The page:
Further Proof Real Estate is a Local Phenomenon

avatarthumbnail.jpgIn many ways, the Phoenix real estate market is a unique place. There are several local branches of the National Association of REALTORS here – one in Phoenix, another in the Southeast Valley, another in the West Valley and yet another in Scottsdale – yet we all co-exist and cooperate together as members of the larger Arizona Regional Multiple Listing Services.

It wasn’t always this way. Once upon a time, there was a separate board and a separate Multiple Listing Service in Sun City. Agents from the wider Valley who wanted to know what was for sale there essentially were out of luck.

Why did this change? Because it made business sense for both sides. While agents outside of the white walls couldn’t see what was inside, agents inside couldn’t see what was on the outside. More importantly, agents on the inside couldn’t leave their insulated world and sell outside the walls because as non-members of the larger MLS they weren’t guaranteed compensation for bringing buyers to homes.

This may sound like the days when dinosaurs roamed the earth, but the scenario still is playing itself out elsewhere around the country today. And that what caused the Connecticut Statewide Multiple Listing Service to release its “MLS Bill of Rights” at last week’s Inman Real Estate Connect conference in New York City.

There are some points that nearly are universal:

  • The right for brokers to own their own data
  • The right to expect the MLS will work in their best interests (whether they are or are not working in one’s best interest always seems to depend on whether they happen to agree with the person)
  • The right to advertise and distribute online listings content within the rules and regulations
  • The right to an Internet Data Exchange (IDX), Virtual Office Web site (VOW) and/or broker download feed and/or access

It’s stunning to think there are parts of the country where agents are not permitted to have an IDX feed – the listings searches here on this site and my neighborhood sites such as Westbrook Village Real Estate.com.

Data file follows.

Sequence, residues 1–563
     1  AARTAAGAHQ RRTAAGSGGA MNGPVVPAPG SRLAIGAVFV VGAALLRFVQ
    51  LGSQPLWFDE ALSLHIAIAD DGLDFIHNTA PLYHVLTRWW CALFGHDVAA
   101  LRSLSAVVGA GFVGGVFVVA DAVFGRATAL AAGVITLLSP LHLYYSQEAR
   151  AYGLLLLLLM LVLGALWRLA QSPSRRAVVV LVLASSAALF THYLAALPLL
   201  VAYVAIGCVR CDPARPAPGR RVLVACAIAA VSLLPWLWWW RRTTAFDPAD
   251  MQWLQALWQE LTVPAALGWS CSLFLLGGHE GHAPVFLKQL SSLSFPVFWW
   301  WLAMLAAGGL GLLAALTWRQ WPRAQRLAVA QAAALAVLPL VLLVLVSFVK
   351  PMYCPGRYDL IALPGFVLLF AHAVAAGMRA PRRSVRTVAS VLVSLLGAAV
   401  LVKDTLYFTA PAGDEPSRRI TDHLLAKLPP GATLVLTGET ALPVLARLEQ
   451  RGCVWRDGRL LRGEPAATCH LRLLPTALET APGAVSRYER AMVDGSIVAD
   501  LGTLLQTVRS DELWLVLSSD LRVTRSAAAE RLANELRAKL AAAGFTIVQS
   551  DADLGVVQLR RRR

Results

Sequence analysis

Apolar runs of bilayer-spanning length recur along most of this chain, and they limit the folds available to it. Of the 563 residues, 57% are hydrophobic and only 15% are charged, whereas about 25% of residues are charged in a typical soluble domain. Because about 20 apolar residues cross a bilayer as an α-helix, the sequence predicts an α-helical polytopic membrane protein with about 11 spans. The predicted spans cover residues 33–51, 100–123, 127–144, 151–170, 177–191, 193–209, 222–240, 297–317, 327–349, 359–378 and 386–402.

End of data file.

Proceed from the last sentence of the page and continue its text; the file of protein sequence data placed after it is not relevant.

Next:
(Who is to blame for this remains in doubt. Some agents have indicated that if the larger brokerages felt strongly enough about their agents having and IDX feed, the local rules would be changed. But many still view such things as competition to their own lead-feeding – and referral-charging – business.)

Other “rights” are beautifully local in nature, including the one at the top of today’s Inman News story (no link because it’ll be behind the firewall by tomorrow):

The public has the right to expect that their Realtor can provide every active listing of every MLS participant in the state where they are licensed

Remember, this was being presented by a group in Connecticut. Connecticut, incidentally, covers just over 5,500 square miles.

Phoenix is in Maricopa County, which covers more than 9,200 square miles and is larger than seven states – including Connecticut.

I have no interest in what’s for sale in Flagstaff. I can’t tell you a great deal about the Lakeside/Pinetop area except that it’s at 7,000 feet, it’s cold and there’s no air. And that the folks at Hondah Casino still have my $100 from two years ago.

As for Tucson … yeah, well, okaythen.

If I were to nitpick, I personally would have left out this last “right” as it has no meaning in large portions of the country. I don’t see agents in Miami selling homes in Destin, or those in Texarkana driving to El Paso to show a house. Statewide access is far, far less important than regionalization. And regionalization shouldn’t be based on state borders (a nod to my friends in Virginia near the border.)

[tags]Phoenix real estate, MLS Bill of Rights[/tags]

About Jonathan

Jonathan Dalton is a 30-plus-year resident of the Valley and has been helping folks buy and sell homes since 2004. He can be reached at 602-502-9693 or info at allphoenixrealestate.com.

  • Jonathan, I moderated two of the MLS panels at Inman, one on consolidation versus cooperation and one on consumer facing MLS listing portals. In the MLS listing portal, nearly everyone agreed that the local MLS has an advantage over national portals because they know details about the local market in a way that is very difficult or expensive for national portals to discover everywhere. In contrast, the panelists discussing consolidation and collaboration almost all agreed that bigger (statewide or nationwide) was better for MLSs. These two points are contradictory and the latter seems to be a classic power grab or a solution in search of a problem.

  • Either of the latter work for me as the description. There’s no benefit to the consumer for me to be able to tell them what’s available in Page.

    Page is three hours north of Phoenix and I’ve been there once. If they want information on what’s available in Page, they ought to talk to an agent who’s there.

    I’ve yet to hear a compelling argument for a national MLS based on what the MLS actually is – a database where listings are advertised to other licensed real estate professionals with an attached offer of compensation.

    This isn’t to say that there would not be value in consumers having a one-stop shop for listings, since the would-be contenders – R.com, Zillow and Trulia all fall short (with R.com coming closest). But such a national site wouldn’t be an MLS, at least not in terms of what an MLS actually is.

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